DestinyOfChoice3-MaryUthuppuruDestinyOfChoice2-MaryUthuppuru

    This artist book is brilliant; once again you successfully bring together humor and interactive elements. Destiny of Choice was part of EcoEditions, an exhibition at 23Sandy Gallery. Did you create this artist book specifically for the exhibition?
    This book was created for the EcoEditions exhibit. It was also a part of the hoped for quarterly project with Kristin of Space Paste Press. As mentioned earlier, we hoped to create more advanced projects than the one book per month endeavor. At the time, we were both thinking of environmental themes so it sounded like a really good goal, create a book that can also be submitted to an exhibit.

    I was really happy with the way the book turned out. Since I was already thinking of the theme, it was great timing. The theme asks artists to illicit change through the content of their artwork.  When trying to get people to change or realize that what they might be doing is harmful, I don’t think it is best to begin by ordering them around. I don’t listen this way, so I wanted to avoid a book full of preaching. The Choose Your Own Adventure format seemed really appropriate to me because the arrangement is playful, inviting the reader in. As a kid, I used to read choose your own adventure books all the time and I always approached them with a sense of reserve. I was choosing what would happen to the characters in the story, which hit home for me. So I wanted that same feeling to translate through this book.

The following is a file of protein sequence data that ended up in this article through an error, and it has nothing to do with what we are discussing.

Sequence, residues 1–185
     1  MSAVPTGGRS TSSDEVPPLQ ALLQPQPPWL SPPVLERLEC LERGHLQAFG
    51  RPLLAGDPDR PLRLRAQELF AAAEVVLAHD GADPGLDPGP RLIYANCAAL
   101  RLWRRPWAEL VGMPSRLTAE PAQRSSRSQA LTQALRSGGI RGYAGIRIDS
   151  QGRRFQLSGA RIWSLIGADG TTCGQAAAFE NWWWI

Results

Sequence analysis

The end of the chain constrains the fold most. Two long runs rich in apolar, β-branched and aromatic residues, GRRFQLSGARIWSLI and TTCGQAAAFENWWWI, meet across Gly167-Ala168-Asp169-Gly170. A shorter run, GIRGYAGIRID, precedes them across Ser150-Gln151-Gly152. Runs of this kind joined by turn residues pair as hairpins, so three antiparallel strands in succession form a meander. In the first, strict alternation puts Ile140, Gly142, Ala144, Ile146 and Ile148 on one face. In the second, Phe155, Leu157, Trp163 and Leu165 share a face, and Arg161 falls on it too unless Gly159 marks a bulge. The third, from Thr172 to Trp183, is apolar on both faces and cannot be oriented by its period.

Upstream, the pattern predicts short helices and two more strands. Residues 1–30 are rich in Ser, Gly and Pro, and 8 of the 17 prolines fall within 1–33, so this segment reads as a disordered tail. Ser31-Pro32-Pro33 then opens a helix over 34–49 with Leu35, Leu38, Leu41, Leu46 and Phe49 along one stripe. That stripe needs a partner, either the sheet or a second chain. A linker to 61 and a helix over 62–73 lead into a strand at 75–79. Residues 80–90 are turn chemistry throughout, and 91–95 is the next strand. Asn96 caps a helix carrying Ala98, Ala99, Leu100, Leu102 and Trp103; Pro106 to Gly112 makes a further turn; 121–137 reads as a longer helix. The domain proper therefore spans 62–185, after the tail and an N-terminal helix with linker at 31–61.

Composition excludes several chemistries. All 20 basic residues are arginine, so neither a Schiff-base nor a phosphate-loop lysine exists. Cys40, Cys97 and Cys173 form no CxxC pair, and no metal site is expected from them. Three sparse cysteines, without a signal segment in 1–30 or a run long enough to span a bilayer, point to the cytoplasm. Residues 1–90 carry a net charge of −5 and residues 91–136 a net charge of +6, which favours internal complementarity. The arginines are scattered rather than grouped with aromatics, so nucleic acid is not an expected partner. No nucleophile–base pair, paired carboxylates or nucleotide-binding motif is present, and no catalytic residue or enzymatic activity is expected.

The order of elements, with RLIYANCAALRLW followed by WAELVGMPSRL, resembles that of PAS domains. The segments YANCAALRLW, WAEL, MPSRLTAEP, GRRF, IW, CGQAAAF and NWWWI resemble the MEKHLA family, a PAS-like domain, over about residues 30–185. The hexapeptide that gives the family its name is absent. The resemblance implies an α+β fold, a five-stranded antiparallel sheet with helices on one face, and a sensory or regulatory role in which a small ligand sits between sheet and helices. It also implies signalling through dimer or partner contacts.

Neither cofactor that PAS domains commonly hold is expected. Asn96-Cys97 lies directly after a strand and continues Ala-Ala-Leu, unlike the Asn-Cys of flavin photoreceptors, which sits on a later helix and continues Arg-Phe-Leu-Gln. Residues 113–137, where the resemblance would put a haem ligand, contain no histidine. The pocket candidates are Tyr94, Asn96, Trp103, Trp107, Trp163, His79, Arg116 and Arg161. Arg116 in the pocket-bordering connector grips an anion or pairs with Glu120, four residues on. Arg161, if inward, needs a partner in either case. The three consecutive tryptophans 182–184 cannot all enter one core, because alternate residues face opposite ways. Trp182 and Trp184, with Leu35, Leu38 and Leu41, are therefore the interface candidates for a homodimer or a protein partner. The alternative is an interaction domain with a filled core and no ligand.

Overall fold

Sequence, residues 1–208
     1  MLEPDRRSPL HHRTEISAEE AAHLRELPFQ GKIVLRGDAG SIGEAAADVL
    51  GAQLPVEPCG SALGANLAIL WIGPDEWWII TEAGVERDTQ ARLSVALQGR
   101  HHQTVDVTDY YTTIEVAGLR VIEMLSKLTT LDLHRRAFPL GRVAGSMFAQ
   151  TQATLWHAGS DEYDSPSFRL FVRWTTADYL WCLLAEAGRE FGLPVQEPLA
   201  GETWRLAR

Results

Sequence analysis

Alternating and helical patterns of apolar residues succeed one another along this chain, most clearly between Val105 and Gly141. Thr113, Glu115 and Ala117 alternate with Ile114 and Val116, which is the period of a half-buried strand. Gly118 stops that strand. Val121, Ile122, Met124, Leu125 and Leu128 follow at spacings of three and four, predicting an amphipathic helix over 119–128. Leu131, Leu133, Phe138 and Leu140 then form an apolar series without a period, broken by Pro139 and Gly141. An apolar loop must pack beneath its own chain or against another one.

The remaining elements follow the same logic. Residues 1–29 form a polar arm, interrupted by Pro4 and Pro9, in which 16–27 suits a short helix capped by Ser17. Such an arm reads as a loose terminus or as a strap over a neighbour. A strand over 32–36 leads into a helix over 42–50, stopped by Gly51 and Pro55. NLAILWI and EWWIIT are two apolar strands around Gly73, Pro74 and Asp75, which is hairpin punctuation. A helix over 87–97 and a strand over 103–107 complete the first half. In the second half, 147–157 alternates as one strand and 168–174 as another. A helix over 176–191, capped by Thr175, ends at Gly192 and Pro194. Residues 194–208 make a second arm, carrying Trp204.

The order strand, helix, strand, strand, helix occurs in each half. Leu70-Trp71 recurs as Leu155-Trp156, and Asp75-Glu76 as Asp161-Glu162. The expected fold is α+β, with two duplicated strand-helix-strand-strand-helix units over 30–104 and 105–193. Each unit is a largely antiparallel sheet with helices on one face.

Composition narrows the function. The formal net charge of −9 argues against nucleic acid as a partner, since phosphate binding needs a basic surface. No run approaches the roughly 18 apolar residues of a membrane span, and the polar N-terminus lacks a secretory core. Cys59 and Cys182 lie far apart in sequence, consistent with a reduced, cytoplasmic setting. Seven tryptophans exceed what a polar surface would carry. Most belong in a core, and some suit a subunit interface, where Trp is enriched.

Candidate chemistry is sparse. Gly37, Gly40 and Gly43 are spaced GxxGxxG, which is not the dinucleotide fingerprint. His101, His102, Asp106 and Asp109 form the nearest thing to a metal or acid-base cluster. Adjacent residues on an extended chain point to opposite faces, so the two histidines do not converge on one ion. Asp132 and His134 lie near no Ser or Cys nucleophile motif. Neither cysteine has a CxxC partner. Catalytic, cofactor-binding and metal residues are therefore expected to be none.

A favored story-telling method of mine is to anthropomorphize sometimes unexpected objects. In this case, a plastic bag is the main character of the story and while the reader decides what happens, the bag is doing the action. The reader chooses between recycling and throwing it away then how the bag gets from the garbage can or recycling bin at home to its final destination. Many people have heard about the gyres (islands of garbage) in the middle of the ocean. We all know about landfills. It is a very contemporary concern all over the world, and one that I have on my mind daily.


  • Visit My Bindery
    My name is Erin Fletcher, owner and bookbinder of Herringbone Bindery in Boston. Flash of the Hand is a space where I share my process and inspirations.